So how do you work around that?
1. Consider your price point
Price should depend on the type of content you’re producing and how much effort you’re putting into it, but this is one of those instances where higher prices don’t sell better (you’re not Cartier or Mercedes-Benz).
As a general rule, a lower price point for monetized content is better. Consider the difference between even $5 and $10 — one is a cup of coffee and one is a cheap copay.
Also consider how your content offerings line up with your competitors.
A subscription to The Atlantic is $25 per month, for example, but Time Magazine is $30 and the New York Times is less than $20. But readers might prefer one over the other for various reasons.
People will pay for quality, but it’s important to assess what your audience thinks “quality” means, not what you think it means.
The New York Times lost 10% of its online readership within two years of erecting a paywall the first time because subscribers were used to getting the same content for free. But sales improved once they started creating more exclusive, higher-quality content.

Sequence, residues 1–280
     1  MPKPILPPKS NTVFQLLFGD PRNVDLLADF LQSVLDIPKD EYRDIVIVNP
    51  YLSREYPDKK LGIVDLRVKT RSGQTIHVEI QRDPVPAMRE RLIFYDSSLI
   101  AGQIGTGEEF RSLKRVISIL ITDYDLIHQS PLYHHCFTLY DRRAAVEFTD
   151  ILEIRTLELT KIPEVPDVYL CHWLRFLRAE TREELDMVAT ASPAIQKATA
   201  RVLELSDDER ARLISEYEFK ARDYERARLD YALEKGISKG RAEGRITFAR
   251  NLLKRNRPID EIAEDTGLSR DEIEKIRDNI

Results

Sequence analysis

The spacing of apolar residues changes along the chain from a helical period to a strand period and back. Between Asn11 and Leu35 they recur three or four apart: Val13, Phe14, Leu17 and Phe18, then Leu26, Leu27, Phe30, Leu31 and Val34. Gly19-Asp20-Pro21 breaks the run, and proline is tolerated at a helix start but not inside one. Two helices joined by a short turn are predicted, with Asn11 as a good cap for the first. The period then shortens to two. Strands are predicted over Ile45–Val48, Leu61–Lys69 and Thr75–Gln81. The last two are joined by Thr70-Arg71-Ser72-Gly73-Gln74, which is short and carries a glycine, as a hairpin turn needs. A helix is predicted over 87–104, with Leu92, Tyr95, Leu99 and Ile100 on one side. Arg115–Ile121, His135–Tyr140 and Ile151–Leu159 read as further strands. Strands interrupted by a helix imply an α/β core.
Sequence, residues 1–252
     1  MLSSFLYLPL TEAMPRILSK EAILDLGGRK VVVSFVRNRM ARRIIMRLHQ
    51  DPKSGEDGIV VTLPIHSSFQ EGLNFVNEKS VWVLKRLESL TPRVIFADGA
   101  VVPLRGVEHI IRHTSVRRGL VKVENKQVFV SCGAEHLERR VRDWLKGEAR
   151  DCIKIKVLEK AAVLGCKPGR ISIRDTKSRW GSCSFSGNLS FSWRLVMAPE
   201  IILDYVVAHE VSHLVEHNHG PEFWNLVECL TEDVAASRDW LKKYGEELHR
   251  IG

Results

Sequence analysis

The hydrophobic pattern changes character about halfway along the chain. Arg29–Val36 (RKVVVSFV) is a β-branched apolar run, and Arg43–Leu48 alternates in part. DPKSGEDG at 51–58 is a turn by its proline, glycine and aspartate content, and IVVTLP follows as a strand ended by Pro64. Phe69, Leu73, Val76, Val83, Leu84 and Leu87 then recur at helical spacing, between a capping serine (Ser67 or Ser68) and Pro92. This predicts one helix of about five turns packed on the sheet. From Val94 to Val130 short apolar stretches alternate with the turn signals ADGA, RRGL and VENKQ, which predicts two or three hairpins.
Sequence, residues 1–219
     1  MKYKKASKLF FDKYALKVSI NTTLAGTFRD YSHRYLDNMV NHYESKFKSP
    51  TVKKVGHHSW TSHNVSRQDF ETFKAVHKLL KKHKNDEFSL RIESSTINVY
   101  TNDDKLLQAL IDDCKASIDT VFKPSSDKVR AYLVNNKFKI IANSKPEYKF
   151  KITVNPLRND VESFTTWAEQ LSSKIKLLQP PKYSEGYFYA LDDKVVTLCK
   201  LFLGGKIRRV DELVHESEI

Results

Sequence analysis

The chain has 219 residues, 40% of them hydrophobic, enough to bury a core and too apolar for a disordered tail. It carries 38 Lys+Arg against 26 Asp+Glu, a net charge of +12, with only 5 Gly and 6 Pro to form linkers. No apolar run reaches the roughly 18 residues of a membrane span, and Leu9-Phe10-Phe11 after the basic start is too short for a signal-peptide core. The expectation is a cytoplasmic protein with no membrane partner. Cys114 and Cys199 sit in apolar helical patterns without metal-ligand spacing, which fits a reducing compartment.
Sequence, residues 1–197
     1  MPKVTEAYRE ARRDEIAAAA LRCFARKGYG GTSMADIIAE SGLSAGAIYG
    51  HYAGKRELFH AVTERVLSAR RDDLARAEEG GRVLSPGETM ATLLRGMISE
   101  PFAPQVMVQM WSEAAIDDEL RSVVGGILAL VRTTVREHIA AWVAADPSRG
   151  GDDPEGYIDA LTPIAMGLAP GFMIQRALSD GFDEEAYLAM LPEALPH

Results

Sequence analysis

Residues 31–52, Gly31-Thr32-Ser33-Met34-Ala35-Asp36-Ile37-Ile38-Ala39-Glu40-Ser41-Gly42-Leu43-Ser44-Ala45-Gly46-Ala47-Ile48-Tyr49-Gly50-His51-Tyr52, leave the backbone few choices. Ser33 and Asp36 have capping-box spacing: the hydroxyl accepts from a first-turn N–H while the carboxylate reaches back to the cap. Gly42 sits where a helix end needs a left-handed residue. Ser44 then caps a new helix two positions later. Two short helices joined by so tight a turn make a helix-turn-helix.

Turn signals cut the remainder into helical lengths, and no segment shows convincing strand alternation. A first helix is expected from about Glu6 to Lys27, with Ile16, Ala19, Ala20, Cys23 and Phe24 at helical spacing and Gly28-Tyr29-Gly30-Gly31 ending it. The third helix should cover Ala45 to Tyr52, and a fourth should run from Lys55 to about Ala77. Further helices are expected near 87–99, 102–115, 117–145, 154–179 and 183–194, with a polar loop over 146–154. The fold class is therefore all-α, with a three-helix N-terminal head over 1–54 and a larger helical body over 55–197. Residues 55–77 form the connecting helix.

Consider the type of content your audience expects, what they’ve been paying (or not paying) for up until this point, and how much added value it will add to their lives.
If your premium material is perceived as a “notch above” the rest, subscribers may be more included to buy in.
3. Costs of production
There’s a big difference between creating a few extra blog posts per month or putting together an entire members-only podcast.
Effort should go into the cost factors, and it should be obvious that you’re putting in an effort to make your content great.
If you’re stuck on this aspect of content production, consider creating tiered content. Exclusive access to blog posts or white papers you’re more-or-less already producing may cost members a couple extra bucks per month, while access to your podcast may require a $10 per month additional membership.
Make sure that your effort is worth it not only for the readers but for you and your team as well.
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10 Examples of Monetized Content Done Right
As more businesses move to the subscription model, more opportunities for content monetization will crop up. Pay attention to trends and gauge the interest of your audience when deciding which content to monetize.
Always make sure that your content has something of value to offer readers. If you’re asking them to pay for it, then it should provide real, tangible benefit. Yes, even a blog post can do that, but it has to be a great blog post.
If you’re worried about putting up paywalls, look at what others in your industry are already doing. If there’s a precedent for it, don’t be afraid of stepping out of the box and creating a cool members-only newsletter or branching out to something new.
People love new things, and if it’s great, they’ll pay for it too.